Acehnese traumatized by conflict
Tertiani ZB Simanjuntak, The Jakarta Post, Lhokseumawe, Aceh
Faudiah, 42, is still recovering from the traumatic experience of witnessing a murder in 2001.
The memory came back to haunt her when she was told that six of her neighbors in Rambot village, Lhok Sukon district, were killed in an armed clash recently.
"I cannot even stand to see my neighbor slap her naughty child. It's like witnessing torture. I cried and shouted. Sometimes I have goose bumps all over my body without knowing why. But I cannot stop the violence, better I don't see,' she said.
The woman is one of dozens of Aceh people being treated at the Trauma Center in Lhok Sukon, North Aceh regency.
They visit the center every Saturday for counseling to help control their fear of going outdoors.
Last Saturday was Faudiah's third visit and she is now able to remove her hands (from covering her eyes) when she goes outside.
The center -- jointly run by the state ministry of women's empowerment and the health ministry -- began operating on June 17, 2003, almost one month after the government launched its integrated operation to crush rebels in the province.
Limited facilities and manpower mean that the center can only offer patients who have recently suffered trauma simple treatment, including counseling using the cognitive therapy method, relaxation and the treatment of medical conditions related to the patients' mental state.
A similar center is situated in Pidie regency.
North Aceh and Pidie are known as the strongholds of the Free Aceh Movement (GAM).
Thanks to midwives in remote villages and the physicians of village health centers -- who directed patients with symptoms of distress and mental disorder to the center -- 39 residents have received treatment.
Most of the patients are housewives who obsess over the safety of their families. There are also six teenagers and six male adults being treated at the Lhok Sukon center.
"Many more will come because residents don't realize that they are suffering from trauma until later," Lukman Muhammad Nurdin, the physician who heads the center, said on Saturday.
He said his patients include civil servants, a regent's wife and a soldier.
"A bomb exploded next to him and killed a fellow soldier. He started to fear his own gun," he said, explaining the soldier's history.
He said another patient lost consciousness whenever he saw people dressed in military attire, regardless of their affiliation.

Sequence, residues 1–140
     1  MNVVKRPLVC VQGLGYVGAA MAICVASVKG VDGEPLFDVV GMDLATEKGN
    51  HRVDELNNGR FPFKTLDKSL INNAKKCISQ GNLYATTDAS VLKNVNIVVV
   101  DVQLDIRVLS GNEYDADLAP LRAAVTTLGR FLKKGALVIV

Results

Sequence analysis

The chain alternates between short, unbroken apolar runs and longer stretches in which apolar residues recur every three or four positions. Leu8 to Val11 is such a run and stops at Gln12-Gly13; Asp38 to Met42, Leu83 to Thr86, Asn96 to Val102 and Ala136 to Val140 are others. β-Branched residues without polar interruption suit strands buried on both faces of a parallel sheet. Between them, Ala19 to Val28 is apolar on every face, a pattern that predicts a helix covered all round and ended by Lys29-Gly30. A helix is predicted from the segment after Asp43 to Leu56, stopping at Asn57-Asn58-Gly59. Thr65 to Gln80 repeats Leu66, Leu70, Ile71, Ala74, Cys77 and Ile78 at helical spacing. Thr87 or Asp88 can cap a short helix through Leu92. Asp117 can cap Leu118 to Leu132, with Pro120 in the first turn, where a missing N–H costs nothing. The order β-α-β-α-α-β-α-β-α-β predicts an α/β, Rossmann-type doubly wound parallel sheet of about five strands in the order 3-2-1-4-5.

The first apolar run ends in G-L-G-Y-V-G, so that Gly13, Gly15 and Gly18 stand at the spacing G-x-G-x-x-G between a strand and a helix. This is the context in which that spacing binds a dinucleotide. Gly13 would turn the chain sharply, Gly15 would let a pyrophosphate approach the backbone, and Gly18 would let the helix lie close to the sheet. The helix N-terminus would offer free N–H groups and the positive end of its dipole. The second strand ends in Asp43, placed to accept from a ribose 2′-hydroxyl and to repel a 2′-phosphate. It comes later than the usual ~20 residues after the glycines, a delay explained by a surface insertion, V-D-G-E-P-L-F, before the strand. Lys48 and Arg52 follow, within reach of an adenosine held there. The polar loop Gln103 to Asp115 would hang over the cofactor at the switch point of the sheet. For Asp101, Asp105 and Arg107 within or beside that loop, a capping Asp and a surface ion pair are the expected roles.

Lukman said that most of the patients complained about continuous headaches and heart problems. It would often take 10 minutes of interviewing before they were comfortable enough to share their stories. To encourage them to open up is the toughest part, he said.
A widow who was raped by three soldiers on June 21, refused to come to the center.
"She just wanted to know whether she had conceived, but with a lost look on her face she said she did not need any other treatment," Lukman said.
The soldiers were recently sentenced to between two-and-half years and three-and-half years of imprisonment.
The only psychologist in the center, Sri Afrianti, said she also expected the number of patients to increase.
"But the difficult part is to ask them to come here, they can't comprehend that if they come to terms with what happened they can begin to heal." Many of the patients said that their husbands complained of having to pay for transportation to the center although the treatment is free.
"They also told us that their domestic situations were falling apart as their fears were preventing them from working and family fights were ensuing," Sri said.
However, residents who have been refugees for over two months are not eligible for treatment at the center, although psychiatrists are sent to visit them at the shelter once a week.
Sondang Bandayani, who heads the Dayah Darul Aitam refugee shelter in Birem Bayeun district, East Aceh, said that the psychiatrist who comes every Wednesday doesn't have any patients.
"It means that none of the refugees are suffering from the distress of doing nothing in the shelter," she said.
But a different picture was evident after talking to the refugees, who spend most of their time sleeping or playing volley ball. The women can use sewing machines provided by the regent's wife, although only at a particular time on Sundays.
"Reporters, don't come here with your cameras. Bring money. We've been here for over two months and have no money for our children who keep on asking us to buy them snacks," Azarah, a resident of Simpang Peut hamlet of Rantau Seulamat village, said.
He said he had been diagnosed with anemia three days ago.
Head of the North Aceh's women empowerment office, Salwa, said that a similar facility for male residents should be established immediately, rather than both men and women being treated at the same center.